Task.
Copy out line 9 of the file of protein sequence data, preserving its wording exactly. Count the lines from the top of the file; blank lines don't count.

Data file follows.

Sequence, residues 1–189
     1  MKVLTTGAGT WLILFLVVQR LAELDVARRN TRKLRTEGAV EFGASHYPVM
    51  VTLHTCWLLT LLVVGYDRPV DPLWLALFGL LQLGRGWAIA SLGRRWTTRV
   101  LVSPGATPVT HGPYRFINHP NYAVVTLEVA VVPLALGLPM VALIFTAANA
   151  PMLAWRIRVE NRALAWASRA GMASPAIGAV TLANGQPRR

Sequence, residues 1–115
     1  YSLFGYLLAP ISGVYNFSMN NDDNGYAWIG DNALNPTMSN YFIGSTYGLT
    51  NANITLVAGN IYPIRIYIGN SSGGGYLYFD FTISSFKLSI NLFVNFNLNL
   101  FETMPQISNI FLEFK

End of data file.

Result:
   101  FETMPQISNI FLEFK